In part 1 of this article available here , I talked about what similes and metaphors are, how they differ, and how to choose between them in your writing. There are also those authors who tend to only use metaphors or only use similes. The first step in taking more control over your use of metaphor and simile is to understand their individual strengths. Happily, we already covered that in part
10+ Simile examples: How to jazz up your words with this writing technique
Last Updated: June 15, References Approved. This article was co-authored by Megan Morgan, PhD. There are 22 references cited in this article, which can be found at the bottom of the page. In this case, several readers have written to tell us that this article was helpful to them, earning it our reader-approved status. This article has been viewed , times. Metaphors are the cold knife in your side, the speed bumps that keep you from picking up writing momentum, the hidden monster lurking in the closet of Metaphors are tough -- no doubt about it -- but if you follow these instructions, they can become the spice in the cuisine that is your written work!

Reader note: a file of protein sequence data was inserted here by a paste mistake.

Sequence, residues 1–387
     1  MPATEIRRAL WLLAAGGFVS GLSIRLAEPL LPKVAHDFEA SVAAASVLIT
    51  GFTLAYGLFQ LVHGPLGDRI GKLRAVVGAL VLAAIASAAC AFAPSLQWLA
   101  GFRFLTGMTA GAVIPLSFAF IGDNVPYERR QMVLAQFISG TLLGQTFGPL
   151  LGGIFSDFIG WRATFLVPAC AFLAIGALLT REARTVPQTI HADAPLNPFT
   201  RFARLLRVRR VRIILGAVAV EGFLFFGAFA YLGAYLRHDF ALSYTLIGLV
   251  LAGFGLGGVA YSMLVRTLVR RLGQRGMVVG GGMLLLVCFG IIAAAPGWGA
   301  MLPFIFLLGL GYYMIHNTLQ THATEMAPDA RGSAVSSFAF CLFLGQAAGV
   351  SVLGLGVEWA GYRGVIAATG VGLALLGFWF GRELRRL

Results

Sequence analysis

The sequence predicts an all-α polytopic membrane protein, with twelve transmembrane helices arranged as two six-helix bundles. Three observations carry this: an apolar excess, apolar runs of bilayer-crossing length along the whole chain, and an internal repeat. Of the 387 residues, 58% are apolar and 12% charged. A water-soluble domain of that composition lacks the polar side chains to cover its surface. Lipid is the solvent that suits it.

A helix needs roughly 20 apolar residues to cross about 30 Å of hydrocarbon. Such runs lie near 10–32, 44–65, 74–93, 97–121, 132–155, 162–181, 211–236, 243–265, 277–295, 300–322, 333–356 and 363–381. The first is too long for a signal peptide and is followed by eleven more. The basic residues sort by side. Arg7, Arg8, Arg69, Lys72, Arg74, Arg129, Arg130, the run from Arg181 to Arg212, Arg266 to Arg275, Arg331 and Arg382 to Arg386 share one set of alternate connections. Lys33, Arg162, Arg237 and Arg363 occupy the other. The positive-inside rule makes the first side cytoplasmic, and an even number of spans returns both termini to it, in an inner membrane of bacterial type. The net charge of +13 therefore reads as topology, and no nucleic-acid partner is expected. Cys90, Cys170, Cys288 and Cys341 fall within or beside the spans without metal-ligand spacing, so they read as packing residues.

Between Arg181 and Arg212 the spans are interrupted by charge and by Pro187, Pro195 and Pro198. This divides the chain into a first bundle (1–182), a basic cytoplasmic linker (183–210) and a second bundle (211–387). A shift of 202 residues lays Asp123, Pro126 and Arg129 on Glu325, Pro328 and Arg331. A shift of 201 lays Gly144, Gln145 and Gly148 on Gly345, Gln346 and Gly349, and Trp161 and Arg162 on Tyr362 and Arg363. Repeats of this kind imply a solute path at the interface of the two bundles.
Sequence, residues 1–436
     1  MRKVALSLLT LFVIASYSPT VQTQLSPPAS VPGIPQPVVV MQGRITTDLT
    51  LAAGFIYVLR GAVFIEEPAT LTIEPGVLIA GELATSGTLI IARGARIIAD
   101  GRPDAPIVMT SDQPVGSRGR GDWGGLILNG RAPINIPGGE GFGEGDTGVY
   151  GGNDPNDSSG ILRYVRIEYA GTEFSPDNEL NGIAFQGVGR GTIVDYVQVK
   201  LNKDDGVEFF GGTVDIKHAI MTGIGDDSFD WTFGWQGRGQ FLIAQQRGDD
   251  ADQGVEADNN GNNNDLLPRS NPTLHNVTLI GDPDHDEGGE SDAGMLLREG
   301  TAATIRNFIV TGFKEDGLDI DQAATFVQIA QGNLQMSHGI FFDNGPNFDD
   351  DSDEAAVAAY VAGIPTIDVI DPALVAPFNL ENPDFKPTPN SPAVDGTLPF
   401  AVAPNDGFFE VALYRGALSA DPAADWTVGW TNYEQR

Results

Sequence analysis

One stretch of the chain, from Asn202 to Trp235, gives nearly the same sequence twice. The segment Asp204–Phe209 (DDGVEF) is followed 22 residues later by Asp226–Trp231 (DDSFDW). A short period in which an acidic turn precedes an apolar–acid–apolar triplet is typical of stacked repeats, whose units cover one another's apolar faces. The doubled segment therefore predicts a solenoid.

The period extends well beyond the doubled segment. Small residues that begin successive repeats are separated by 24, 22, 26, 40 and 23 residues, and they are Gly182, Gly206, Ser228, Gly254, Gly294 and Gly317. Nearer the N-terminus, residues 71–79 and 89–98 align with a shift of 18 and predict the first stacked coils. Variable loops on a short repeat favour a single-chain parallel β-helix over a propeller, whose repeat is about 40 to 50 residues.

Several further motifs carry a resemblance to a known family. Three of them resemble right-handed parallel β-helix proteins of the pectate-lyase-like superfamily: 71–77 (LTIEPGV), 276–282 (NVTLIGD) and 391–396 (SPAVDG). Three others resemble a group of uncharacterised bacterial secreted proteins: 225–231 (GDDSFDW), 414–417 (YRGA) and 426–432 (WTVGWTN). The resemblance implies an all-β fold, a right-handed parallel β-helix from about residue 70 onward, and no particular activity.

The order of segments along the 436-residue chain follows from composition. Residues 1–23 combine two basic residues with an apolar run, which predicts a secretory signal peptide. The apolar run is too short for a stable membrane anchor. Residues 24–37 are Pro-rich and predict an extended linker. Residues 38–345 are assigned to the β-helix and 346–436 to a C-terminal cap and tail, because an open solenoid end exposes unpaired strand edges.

How to Jazz Up Your Writing: Get Inspired By These 10+ Simile Examples
Similes are generally easier to identify than metaphors, but not always. These are not similes. By the time you finish working through these examples of simile , you should have the hang of it. Here is the list of fifty easy similes: Simile Examples for Intermediate Readers Slashes indicate line-breaks.
For students, learning about metaphors and similes can sometimes feel like doing taxes on April Or taking your daily dose of cod liver oil poured over bran flakes. Or picking blueberries under a sweltering summer sun while wearing a corduroy three piece suit.